Not only does writing your will force you to acknowledge the inevitability of your own death, but it also forces you to plan for it. And although people find planning for death somewhat of a morbid activity, it’s crucial that you plan properly. A will is just an instruction manual for your survivors on what to do with your money, assets, and even your kids or other dependants upon your death. And although choosing who gets what seems easy enough, it’s important to be properly informed when thinking about designing a will. Here’s 3 commonly asked questions about writing a will:
When should I write my will?
There’s no set age or milestone to reach before being eligible to write a will, but if you’re an adult, own significant assets, and have dependants in your care, you should be looking into designing a will. Your will dictates to whom your assets and property will go to, and whose care your dependants are left in.
Are certain assets excluded from my will?
Not all assets can be included in your will. Wills tend to not cover any assets that you don’t own exclusively. For example, a joint bank account or a jointly owned property has a “right of survivorship”, meaning that these assets will automatically become the exclusive property of the joint survivor upon your death. Also, wills don’t apply to assets like TFSAs, life insurance, RRSPs, and RRIFs, where you’ve already assigned a beneficiary to whom these assets will go to.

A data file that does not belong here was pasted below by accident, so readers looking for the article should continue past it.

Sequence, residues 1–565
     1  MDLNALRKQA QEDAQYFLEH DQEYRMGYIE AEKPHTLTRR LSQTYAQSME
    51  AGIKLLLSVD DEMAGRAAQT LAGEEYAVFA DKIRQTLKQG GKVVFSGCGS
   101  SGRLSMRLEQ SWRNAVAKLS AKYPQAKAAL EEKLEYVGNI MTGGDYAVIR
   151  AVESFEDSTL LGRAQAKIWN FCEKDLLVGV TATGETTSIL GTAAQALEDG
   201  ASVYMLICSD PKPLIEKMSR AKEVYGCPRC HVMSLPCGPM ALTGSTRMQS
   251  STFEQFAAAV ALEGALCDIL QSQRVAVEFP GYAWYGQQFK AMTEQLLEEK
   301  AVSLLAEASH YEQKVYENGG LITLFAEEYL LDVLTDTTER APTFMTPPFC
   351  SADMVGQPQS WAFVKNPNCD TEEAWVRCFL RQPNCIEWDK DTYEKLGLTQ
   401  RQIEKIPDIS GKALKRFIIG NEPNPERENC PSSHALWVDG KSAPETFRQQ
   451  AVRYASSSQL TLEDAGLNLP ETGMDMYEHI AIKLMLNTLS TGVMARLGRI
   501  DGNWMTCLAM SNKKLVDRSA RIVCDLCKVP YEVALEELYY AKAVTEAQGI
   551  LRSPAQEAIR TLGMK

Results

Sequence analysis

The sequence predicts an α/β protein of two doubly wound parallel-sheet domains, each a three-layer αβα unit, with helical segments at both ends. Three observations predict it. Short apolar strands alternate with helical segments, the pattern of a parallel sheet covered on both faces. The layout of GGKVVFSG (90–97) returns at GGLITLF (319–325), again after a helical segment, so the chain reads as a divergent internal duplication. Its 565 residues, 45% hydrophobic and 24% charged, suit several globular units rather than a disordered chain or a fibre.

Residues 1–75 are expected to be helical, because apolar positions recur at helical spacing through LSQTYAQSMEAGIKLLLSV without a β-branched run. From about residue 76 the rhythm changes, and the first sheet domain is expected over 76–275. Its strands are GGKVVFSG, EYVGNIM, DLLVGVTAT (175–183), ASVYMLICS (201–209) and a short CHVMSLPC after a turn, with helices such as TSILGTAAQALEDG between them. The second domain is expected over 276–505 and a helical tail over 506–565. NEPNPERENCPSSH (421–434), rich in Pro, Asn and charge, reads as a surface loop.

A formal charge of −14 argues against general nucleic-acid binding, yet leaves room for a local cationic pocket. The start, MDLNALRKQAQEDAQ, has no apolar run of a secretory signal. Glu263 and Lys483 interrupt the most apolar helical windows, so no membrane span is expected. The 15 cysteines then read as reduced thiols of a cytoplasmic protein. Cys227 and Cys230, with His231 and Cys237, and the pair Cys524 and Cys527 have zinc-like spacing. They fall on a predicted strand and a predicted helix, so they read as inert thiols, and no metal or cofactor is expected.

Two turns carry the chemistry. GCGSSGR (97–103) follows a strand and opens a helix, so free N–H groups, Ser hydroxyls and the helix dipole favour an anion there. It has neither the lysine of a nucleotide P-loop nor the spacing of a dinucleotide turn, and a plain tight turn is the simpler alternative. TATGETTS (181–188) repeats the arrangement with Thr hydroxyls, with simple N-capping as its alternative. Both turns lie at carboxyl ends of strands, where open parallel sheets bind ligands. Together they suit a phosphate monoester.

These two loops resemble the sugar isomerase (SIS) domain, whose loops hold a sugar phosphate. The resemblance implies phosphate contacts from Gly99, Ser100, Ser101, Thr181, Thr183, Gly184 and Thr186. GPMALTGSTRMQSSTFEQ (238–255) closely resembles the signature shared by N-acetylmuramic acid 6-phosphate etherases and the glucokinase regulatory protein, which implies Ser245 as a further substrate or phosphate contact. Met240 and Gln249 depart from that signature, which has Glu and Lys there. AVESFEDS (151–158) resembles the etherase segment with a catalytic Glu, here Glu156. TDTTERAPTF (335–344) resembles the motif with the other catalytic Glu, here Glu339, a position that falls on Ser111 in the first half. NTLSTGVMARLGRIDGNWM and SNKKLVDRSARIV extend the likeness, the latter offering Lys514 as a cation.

Should I consult a lawyer?
There’s a guide that you can use called a will kit, which informs you of what you can and cannot include in your will. Although will kits are perfectly legal and consulting a lawyer isn’t necessarily required, it’s probably a better idea if you seek one out as there isn’t a one-size-fits-all plan to accommodate all your needs. You may (and probably do) have a unique set of circumstances, for which an example isn’t included in a will kit, that requires custom provisions from the help of a lawyer. Furthermore, you may feel more confident in the validity of your will after showing the completed document to a lawyer